Word count: 373 words
Reading time: Just over 1 minute
A great way to improve your writing skills is to emulate the work of others. That’s why, every week, I present a sentence that I’d happily imitate. Today’s comes from the novel Capital, by John Lanchester.
I hadn’t heard of John Lanchester (pictured above) but my husband picked up his latest novel, Capital, from the library, and after finishing it urged me to read it ,too. I dragged my heels for a few days because I didn’t feel like attacking a long book (it’s 529 pages) but now that I’m in the thick of it, I find I can’t put the book down. In fact, I’ll be (happily) paying fines because even though I’m a fast reader I won’t have the time to finish the book before its Saturday due-date.
Lanchester is a British journalist and novelist whose work has appeared in The Guardian, The Daily Telegraph, The New York Review of Books and Esquire. He is also the author of the novel The Debt to Pleasure, which won a 1996 Whitbread Book Award and the 1997 Hawthornden Prize.
I can’t offer much a review of Capital just yet — I hit page 201 at bedtime last night — but I can tell you I’m enjoying it immensely. Of the 59 reviewers on Amazon, more than half give it four or more stars. Many reviewers compare Lanchester’s writing to that of Tom Wolf, although I find Lancaster’s understanding of character to be a bit deeper and more nuanced.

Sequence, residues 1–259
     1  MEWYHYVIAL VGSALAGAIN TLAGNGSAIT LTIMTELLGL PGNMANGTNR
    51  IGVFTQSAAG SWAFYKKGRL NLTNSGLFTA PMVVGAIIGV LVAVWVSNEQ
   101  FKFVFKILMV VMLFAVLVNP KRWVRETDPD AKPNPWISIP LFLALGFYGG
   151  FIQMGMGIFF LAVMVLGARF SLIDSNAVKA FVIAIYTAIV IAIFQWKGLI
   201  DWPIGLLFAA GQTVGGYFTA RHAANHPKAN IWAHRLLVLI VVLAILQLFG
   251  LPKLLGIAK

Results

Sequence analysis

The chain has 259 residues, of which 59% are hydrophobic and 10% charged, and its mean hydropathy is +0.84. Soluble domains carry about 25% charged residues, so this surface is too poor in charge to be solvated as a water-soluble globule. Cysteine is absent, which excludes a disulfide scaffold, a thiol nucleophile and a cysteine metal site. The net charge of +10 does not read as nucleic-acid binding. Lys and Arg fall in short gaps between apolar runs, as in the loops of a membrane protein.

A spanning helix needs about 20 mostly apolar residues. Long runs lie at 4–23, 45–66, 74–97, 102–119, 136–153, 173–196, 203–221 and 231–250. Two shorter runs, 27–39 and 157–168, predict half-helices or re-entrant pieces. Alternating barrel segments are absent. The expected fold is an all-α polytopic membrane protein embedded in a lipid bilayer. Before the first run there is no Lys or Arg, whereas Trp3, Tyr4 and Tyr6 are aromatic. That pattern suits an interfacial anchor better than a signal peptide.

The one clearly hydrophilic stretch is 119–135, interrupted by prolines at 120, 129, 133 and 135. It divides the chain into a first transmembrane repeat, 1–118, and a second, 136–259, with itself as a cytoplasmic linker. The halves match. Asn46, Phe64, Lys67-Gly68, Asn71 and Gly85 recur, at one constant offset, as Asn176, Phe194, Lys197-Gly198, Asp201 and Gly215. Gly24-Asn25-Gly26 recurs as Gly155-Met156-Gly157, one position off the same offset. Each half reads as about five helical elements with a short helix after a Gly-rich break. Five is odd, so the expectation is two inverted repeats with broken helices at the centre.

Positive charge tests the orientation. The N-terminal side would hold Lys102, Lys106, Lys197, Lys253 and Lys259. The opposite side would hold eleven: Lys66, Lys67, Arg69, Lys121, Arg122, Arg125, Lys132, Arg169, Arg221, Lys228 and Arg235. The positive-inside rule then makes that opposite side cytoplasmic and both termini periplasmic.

Here’s an example from the book’s early pages:
He was six foot three, just short enough to feel no need to conceal his height by stooping –so that even his tallness appeared a form of ease, as if gravity had, when he was growing up, exerted less effect on him than on more ordinary people.
I appreciated Lanchester’s beautifully expressed and sophisticated analysis of society’s view of height. Tall people have a number of advantages, such as their ability to command a room. It had never occurred to me that they might be seen as people who could defeat basic rules such as gravity, but as soon as I read the sentence I nodded in agreement. I also appreciate the juxtaposition of “tall” and “ordinary.”